Shock Waves (1976)
By: David Michael Brown on September 1, 2006  |  Comments  |  Bookmark and Share
Umbrella Entertainment (Australia). All Regions, NTSC. 1.66:1 (Non-anamorphic). English DD 2.0. 94 minutes
The Movie
Director: Ken Wiederhorn
Starring: Brook Adams, Peter Cushing, John Carradine
Screenplay: John Kent Harrison, Ken Pare, Ken Wiederhorn
Country: USA
AKA: Death Corps

Shock Waves gets you the minute the sinister plot is revealed by a bitter and twisted SS Commandant hiding on a deserted island. The nazis developed zombie soldiers who could breathe underwater to man their submarines. The commandant has been busy resurrecting the corpses of dead nazi soldiers. They now live in the depths of the ocean surrounding a small island off Florida and now they want blood. It's a slow build up to the zombies first appearance but they provide some of horror cinema's finest frissons when they slowly emerge from the surf, en masse, wearing goggles and their old SS uniforms, ready to terrorise a boat load of tourists who have been shipwrecked.

A couple of horror legends add a stamp of authority to the proceedings. John Carradine hams it up as the boats captain and Peter Cushing gives his small role as the SS Commandant a sense of underlying evil. Brooke Adams (most readers will know from her excellent performances in David Cronenberg's The Dead Zone and Philip Kaufman's 1978 version of Invasion of the Body Snatchers) makes her acting debut. The rest of the cast vary from amateur to bearable but they are really only waiting to meet their maker at the hands of the marine menace.

The film may disappoint the gore hounds out there as the film is relatively bloodless, relying on its unnerving atmosphere and the omnipresent zombies to build up the film's sense of dread. Richard Eiderhorn's strange electronic score ably assists the scares, when they come. The film is beautifully shot for such a low budget horror film. The afore mentioned zombie up-rising, the derelict Nazi ship, the island location; all are expertly captured by Wiederhorn. The undead soldiers are a wonderful Arian fusion of blonde hair, rotting skin and nazi apparel. Quite why they are happy to lie in the water waiting for a victim who knows? You wouldn't have thought they get too many shipwrecks in the area but to be honest, who watches a film like Shock Waves to get logical plotting?

Not that the film's perfect by any means. It's lacklustre characterisation of most of the cast means you don't really care when the zombies kill them and the film does take a bit too long to get going but when it does you'll be hooked; just give Shock Waves a chance to crank up the tension.
The picture isn't that great but legend has it that all prints of the film have been destroyed. The transfer here is sourced from the directors own 16mm print and thus we have to comment accordingly. Watching the film, the look of the transfer actually adds to the mood; its grainy in places and the print has evidence of damage along the way but it's always watchable.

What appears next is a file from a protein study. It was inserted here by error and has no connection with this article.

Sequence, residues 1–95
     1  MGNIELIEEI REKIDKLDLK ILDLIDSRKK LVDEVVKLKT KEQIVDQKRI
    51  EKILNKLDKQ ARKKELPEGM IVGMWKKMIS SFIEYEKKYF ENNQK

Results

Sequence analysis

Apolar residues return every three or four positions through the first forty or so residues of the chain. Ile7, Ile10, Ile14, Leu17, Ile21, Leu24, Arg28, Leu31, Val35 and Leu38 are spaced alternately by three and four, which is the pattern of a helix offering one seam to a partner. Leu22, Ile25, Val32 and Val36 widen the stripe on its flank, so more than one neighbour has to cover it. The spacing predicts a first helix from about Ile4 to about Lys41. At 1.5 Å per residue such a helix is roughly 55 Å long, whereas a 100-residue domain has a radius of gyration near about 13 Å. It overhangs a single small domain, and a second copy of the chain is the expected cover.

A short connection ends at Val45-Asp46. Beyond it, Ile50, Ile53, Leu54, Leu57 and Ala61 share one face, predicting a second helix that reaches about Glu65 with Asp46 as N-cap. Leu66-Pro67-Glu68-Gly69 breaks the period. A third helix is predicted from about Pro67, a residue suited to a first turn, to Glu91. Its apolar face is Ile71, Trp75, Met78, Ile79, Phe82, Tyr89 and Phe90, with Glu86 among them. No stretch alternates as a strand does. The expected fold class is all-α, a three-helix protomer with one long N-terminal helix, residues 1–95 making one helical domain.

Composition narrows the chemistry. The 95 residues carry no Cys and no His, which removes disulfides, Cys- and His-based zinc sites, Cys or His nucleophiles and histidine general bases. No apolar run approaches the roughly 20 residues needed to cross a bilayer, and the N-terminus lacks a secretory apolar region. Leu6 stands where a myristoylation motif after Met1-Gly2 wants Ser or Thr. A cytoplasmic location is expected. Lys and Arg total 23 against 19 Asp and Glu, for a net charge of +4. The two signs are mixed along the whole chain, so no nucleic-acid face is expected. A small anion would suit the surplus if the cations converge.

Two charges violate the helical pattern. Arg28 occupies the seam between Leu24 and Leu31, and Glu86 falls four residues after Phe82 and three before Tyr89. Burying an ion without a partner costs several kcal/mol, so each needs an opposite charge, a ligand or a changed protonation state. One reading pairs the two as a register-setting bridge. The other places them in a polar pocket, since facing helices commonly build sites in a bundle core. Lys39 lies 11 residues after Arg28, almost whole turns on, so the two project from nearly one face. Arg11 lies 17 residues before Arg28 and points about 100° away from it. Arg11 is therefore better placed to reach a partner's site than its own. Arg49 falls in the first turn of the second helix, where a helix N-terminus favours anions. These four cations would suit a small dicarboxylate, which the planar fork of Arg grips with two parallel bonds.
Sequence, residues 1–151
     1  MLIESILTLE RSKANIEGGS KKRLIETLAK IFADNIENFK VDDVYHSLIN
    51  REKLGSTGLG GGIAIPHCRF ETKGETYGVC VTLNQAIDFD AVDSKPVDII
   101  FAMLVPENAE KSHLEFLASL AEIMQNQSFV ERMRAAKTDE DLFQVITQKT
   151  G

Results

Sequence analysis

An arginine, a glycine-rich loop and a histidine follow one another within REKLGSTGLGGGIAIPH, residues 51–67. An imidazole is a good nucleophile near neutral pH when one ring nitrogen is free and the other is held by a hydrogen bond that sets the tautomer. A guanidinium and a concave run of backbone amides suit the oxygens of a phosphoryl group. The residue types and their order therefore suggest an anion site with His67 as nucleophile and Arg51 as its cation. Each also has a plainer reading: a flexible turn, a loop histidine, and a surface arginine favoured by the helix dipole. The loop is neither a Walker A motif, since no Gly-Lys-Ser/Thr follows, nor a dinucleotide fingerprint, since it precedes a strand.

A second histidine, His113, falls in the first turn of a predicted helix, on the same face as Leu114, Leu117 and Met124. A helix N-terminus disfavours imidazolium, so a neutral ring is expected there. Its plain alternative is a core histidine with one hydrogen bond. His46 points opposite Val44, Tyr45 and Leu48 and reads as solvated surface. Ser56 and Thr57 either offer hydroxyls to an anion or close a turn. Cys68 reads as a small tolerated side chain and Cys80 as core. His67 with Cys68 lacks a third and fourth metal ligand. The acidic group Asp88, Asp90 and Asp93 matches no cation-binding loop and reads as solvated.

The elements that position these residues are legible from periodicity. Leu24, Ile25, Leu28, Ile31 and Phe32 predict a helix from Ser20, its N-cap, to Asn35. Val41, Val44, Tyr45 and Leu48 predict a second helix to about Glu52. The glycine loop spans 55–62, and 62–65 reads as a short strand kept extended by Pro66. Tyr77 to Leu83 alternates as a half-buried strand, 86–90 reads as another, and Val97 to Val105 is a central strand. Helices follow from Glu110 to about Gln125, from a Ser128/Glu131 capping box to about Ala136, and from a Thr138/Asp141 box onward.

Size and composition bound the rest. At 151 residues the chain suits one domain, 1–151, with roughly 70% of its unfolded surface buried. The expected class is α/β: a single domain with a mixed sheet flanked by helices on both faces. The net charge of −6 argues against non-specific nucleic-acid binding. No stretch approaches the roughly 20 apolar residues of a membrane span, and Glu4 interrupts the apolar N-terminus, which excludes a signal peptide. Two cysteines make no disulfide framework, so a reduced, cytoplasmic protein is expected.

The same goes for the film's soundtrack. It's an adequate transfer but considering the history of the film it's an acceptable effort.
Extra Features
Umbrella have given us a nice line of extras. The running commentary features director Ken Weiderhorn along with the film's make up man Alan Ormsby, the writer of Paul Schrader's Cat People, and Fred Olen Ray, the film's still photographer and the man who went on to bring us Bikini A Go-Go and Genie in a String Bikini.

"From Flipper to Shock Waves" is an interesting interview with actor Luke Halpin and follows this journey from swimming with a friendly dolphin to running from an aquatic nazi zombie.

Things are rounded off with the usual selection of posters, stills and radio spots along with the films original trailer and a selection of Peter Cushing trailers available from Umbrella.
The Verdict
What it lacks in visceral thrills Shock Waves more than makes up for in atmospheric chills and an unsettling sense of dread. Throw in a couple of legendary horror names and you have a must see on your hands.
Movie Score
comments powered by Disqus
Done Dirt Cheap DVDs

>SHARK WEEK (2012) DVD Review

>DANGEROUS MEN (2005) Blu-ray Review

>UNIVERSAL SOLDIER (1992) Blu-ray Review

>THE LAST WARRIOR (2000) Blu-ray Review

>DIAMOND DOGS (2007) DVD Review

>BONE TOMAHAWK (2015) Blu-ray Review

>LET US PREY (2014) Blu-ray Review

>MACHETE (2010) Blu-ray Review

>THE MECHANIK (2005) Blu-ray Review

>DIRECT ACTION (2004) DVD Review

>NIGHTCRAWLER (2014) Blu-ray Review

>MOSQUITOMAN (2005) DVD Review

>CANNIBAL HOLOCAUST (1980) Blu-ray Review

>POLTERGEIST (2015) Blu-ray Review

>DRIVEN TO KILL (2009) Blu-ray Review

Post Apocalypse Discussion Forum
Waxwork Records by MaxTheSilent
Phantasm V??? by McSTIFF
Inside (└ l'intÚrieur) by MaxTheSilent
Red Christmas - new local horror by brett garten
Zack Snyder's JUSTICE LEAGUE (2017) by Rip
BLAIR WITCH (2016) by Dr. Obrero
19 Guests, 0 Users
Latest Comments
Last 20 Comments
Most Read Articles
CANNIBAL HOLOCAUST (1980) Blu-ray Review 1. CANNIBAL HOLOCAUST (1980) Blu-ray Review
POLTERGEIST (2015) Blu-ray Review 2. POLTERGEIST (2015) Blu-ray Review
MOSQUITOMAN (2005) DVD Review 3. MOSQUITOMAN (2005) DVD Review
DRIVEN TO KILL (2009) Blu-ray Review 4. DRIVEN TO KILL (2009) Blu-ray Review
NIGHTCRAWLER (2014) Blu-ray Review 5. NIGHTCRAWLER (2014) Blu-ray Review
Contact Us
Australian Horror News and Reviews
Digital Retribution aims to bring you the latest news and reviews from the local genre scene. If you see or hear something that might be of interest to our readers, please get in touch!

For promotional and advertising inquiries, feedback, requests, threats or anything else, visit our Contact Page.